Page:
Synapses are fundamental to nervous system function and information processing in the normal and pathological brain. They are highly dynamic structures capable of supporting high firing rates and displaying a broad range of plasticity. A detailed picture of the molecular interactions occurring within a synapse is required to understand how synaptic protein dynamics ultimately shape activity in the nervous system in health and disease. In this proposal, we will investigate Munc13 and complexin (CPX), both highly conserved molecules that are crucial for proper synaptic function. Mice lacking complexin die at birth, and loss of a single isoform is associated with profound locomotor, sensory, and behavioral deficits. A human Cpx1 point mutation is associated with severe intellectual disability and seizures, and CPX expression is altered in a host of psychiatric and neurodegenerative diseases including Huntington?s, Parkinson?s, and Alzheimer?s disease. Although it is well-established that complexin plays a major role in synaptic function, its mode of action is controversial: there is evidence for both facilitatory and inhibitory roles of this protein in the regulation of synaptic transmission. Munc13 is a large synaptic hub protein that coordinates several proteins involved in synaptic vesicle fusion, and human mutations are associated with ALS, fatal myasthenia, microcephaly, and severe autism. We propose to study the molecular mechanisms underlying Munc13 and CPX function at the synapse using a unique and powerful combination of in vivo and in vitro approaches including physiology, quantitative imaging, behavioral assays, genetics, and protein/lipid biochemistry. We have developed innovative methods of investigating protein interactions in vivo by monitoring the dynamics of proteins exchanging between neighboring synapses using photoactivatable GFP. We will deploy these methods in C. elegans as a model system in which to study the protein interactions of CPX as well as domains of Munc13 and their binding partners in a functional synapse. By mutating either the pGFP-tagged protein or its binding partners, we have established that affinity changes lead to mobility changes. We will also elucidate the structure of CPX and Munc13 protein domains that mediate critical membrane interactions using a combination of biochemical and spectroscopic techniques. Detailed structure-function analyses will be conducted on a domain of Munc13 recently discovered in our lab. The experiments proposed here will provide new insights into the mechanisms that control neurotransmitter release, its modulation, and use-dependent plasticity in the brain.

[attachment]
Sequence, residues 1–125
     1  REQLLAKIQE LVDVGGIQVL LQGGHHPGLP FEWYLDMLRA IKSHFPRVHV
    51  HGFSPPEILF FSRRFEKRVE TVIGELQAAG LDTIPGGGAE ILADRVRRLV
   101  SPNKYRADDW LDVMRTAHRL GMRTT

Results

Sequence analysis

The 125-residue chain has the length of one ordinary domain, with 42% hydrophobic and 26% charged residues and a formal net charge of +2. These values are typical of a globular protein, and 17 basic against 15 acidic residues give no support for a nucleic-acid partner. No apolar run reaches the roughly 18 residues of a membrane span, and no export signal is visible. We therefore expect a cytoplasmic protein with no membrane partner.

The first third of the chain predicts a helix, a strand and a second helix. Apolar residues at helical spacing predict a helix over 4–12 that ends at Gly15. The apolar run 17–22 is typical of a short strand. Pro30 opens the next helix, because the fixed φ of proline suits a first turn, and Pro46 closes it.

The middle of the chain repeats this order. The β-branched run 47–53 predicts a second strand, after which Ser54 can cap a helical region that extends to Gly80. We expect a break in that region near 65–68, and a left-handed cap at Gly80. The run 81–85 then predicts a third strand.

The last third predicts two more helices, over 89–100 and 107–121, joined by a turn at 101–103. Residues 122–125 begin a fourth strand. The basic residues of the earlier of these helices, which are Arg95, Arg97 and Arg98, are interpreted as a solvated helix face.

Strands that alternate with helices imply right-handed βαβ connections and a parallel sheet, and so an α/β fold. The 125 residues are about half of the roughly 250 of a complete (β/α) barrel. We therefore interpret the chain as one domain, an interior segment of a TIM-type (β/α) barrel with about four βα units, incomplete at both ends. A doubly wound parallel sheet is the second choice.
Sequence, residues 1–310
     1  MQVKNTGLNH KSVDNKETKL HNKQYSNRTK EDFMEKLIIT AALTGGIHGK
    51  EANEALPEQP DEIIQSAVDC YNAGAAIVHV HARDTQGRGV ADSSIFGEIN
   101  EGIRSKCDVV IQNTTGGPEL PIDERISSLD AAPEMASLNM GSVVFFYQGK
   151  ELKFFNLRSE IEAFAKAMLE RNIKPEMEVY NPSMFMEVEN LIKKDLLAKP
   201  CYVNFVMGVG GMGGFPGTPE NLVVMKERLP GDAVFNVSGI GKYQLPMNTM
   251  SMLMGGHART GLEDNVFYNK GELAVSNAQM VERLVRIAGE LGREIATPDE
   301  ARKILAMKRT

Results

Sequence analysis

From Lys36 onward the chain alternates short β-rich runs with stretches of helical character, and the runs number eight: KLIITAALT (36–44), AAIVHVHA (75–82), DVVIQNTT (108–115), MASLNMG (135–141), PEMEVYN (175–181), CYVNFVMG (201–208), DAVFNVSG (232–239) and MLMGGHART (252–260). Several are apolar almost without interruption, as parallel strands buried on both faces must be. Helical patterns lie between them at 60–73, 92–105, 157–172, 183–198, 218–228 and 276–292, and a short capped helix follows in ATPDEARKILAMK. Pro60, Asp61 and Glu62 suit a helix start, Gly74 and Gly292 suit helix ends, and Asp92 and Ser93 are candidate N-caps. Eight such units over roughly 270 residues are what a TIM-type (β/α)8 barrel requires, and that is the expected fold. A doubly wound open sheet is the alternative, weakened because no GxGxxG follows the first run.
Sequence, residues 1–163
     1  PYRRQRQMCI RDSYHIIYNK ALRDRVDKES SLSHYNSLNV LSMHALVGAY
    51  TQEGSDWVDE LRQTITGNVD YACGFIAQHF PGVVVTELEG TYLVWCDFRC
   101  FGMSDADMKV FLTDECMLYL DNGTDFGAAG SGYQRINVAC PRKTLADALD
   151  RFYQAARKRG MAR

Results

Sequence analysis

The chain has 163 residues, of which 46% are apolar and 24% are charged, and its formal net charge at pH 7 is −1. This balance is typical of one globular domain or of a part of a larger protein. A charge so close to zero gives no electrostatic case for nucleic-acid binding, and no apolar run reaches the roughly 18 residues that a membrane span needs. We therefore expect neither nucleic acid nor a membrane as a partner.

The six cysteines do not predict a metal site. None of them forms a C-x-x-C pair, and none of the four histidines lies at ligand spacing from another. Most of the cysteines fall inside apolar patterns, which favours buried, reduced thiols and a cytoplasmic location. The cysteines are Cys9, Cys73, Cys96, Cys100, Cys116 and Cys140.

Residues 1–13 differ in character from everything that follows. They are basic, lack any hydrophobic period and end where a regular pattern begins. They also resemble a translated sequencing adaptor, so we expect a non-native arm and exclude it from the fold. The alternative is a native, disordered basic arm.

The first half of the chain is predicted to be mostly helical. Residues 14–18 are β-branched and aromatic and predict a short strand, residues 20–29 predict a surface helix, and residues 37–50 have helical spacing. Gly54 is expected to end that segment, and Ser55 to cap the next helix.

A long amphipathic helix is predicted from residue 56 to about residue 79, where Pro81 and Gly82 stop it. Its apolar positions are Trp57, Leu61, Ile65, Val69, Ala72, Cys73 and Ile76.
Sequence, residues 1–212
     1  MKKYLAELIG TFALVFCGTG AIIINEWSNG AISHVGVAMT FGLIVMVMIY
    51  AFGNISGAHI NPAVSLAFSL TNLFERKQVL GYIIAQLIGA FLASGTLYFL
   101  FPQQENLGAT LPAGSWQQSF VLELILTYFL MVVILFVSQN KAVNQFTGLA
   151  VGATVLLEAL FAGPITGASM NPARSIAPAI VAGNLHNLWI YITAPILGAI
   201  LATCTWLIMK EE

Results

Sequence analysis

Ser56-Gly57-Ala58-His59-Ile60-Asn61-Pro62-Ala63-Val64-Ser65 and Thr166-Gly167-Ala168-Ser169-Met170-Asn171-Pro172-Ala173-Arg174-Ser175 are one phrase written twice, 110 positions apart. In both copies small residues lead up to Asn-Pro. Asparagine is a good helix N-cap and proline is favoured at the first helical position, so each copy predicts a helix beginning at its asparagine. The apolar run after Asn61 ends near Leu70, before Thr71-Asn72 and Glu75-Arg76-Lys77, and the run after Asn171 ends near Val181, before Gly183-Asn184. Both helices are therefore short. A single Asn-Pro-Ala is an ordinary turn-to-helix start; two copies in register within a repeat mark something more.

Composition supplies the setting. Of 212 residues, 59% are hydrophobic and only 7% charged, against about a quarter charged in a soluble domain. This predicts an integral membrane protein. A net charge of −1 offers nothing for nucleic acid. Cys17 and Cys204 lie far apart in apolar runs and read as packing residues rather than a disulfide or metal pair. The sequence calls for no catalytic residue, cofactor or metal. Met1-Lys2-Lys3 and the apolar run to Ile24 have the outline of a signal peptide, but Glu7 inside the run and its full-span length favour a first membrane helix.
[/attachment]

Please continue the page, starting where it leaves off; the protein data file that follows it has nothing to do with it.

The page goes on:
Public Health Relevance

Synaptic connections are the fundamental building blocks of the brain. Many psychiatric and neurodegenerative diseases involve pathological synaptic function at the cellular and molecular level, but little is known about how synaptic molecules operate in health and in disease. Using a powerful combination of genetics, live animal imaging, biochemistry, and physiology, we propose to study complexin and Munc13, two essential proteins required for proper synapse function.

National Institute of Health (NIH)
National Institute of Neurological Disorders and Stroke (NINDS)
Research Project (R01)
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Synapses, Cytoskeleton and Trafficking Study Section (SYN)
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Leenders, Miriam
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Weill Medical College of Cornell University
Schools of Medicine
New York
United States
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